Hostages to Fortune: A Novel, Volume 2


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Página 240 - But Faustus' offence can ne'er be pardoned: the serpent that tempted Eve may be saved, but not Faustus.
Página 31 - Not for the world: why, man, she is mine own; And I as rich in having such a jewel As twenty seas, if all their sand were pearl, The water nectar, and the rocks pure gold.
Página 61 - So, she leaning on her husband's arm, they turned homeward by a rosy path which the gracious sun struck out for them in its setting. And O there are days in this life, worth life and worth death.
Página 209 - Das Drüben kann mich wenig kümmern; Schlägst du erst diese Welt zu Trümmern, Die andre mag darnach entstehn. Aus dieser Erde quillen meine Freuden, Und diese Sonne scheinet meinen Leiden; Kann ich mich erst von ihnen scheiden, Dann mag, was will und kann, geschehn.
Página 95 - Charles' speech to Angelina, in 'The Elder Brother'. We'll live together, like two neighbour vines, Circling our souls and loves in one another! We'll spring together, and we'll bear one fruit; One joy shall make us smile, and one grief mourn; One age go with us, and one hour of death Shall close our eyes, and one grave make us happy.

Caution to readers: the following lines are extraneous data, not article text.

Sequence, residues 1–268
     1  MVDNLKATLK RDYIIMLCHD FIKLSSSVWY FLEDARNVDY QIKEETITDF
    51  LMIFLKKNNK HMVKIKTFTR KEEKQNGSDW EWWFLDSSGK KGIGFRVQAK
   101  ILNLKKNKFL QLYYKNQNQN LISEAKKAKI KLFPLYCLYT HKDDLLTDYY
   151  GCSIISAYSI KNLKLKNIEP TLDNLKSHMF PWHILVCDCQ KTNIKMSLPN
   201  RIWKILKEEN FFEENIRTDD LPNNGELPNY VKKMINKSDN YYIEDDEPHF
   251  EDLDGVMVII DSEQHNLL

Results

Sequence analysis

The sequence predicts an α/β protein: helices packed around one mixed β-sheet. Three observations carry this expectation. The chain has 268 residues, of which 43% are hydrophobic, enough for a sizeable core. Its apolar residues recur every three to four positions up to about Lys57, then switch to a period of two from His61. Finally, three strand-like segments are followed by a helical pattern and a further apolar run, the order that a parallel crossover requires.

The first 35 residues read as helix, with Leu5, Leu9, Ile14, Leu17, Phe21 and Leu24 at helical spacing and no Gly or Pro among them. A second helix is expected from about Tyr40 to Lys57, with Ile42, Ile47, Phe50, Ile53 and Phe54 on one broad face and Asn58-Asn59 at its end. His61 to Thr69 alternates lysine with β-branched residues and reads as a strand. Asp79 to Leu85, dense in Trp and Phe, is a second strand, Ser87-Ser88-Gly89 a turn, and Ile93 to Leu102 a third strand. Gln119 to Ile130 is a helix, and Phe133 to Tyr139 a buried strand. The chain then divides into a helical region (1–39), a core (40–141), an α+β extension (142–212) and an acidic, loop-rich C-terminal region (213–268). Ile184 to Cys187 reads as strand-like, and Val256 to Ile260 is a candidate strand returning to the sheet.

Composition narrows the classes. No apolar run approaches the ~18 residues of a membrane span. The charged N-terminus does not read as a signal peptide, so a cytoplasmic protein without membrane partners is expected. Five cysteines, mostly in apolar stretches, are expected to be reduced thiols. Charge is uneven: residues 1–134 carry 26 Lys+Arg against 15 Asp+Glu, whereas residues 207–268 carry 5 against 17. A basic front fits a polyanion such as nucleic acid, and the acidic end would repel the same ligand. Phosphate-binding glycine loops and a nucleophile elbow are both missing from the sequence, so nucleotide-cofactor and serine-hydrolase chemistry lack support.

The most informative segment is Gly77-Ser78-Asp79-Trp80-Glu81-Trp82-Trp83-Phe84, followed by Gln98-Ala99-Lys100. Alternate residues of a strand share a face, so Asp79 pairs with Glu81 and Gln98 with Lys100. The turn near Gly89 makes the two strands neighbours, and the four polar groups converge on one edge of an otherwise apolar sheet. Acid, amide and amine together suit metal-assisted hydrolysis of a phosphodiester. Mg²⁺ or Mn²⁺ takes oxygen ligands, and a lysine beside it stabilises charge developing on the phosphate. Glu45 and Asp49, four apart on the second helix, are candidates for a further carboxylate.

Página 149 - The happiness of life is made up of minute fractions, — the little, soonforgotten charities of a kiss, a smile, a kind look, a heartfelt compliment in the disguise of a playful raillery, and the countless other infinitesimals of pleasant thought and feeling.
Página 180 - As wave upon wave to the sea runs the river, And the oar on the smoothness drops noiseless and steady, Till we start with a sigh, Was it she — was it I — Who first turned to look back on the way we had made 1 Who first saw the soft tints of the garden-land fade ? Who first sighed — 'See the rose-hue is fading already?
Página 1 - ... from him, and burnt them, carefully preserving his): " Wherefore must I plague thee ! dearest creature! Wherefore deceive myself and plague thee! We can be nothing to each other, and yet are too much to each other. Believe me thou art in all things one with me — but because I see things as they are it makes me mad! Good night, angel, and good morning. I will see thee no more . . . Only . . . Thou knowest all ... My heart is ... All I can say is mere folly. In future I shall see thee as men...
Página 161 - The world produces for every pint of honey, a gallon of gall; for every dram of pleasure, a pound of pain; for every inch of mirth, an ell of moan; and as the ivy twines around the oak, so does misery and misfortune encompass the happiness of man. Felicity, pure and unalloyed felicity, is not a plant of earthly growth; her gardens are the skies — Burton.

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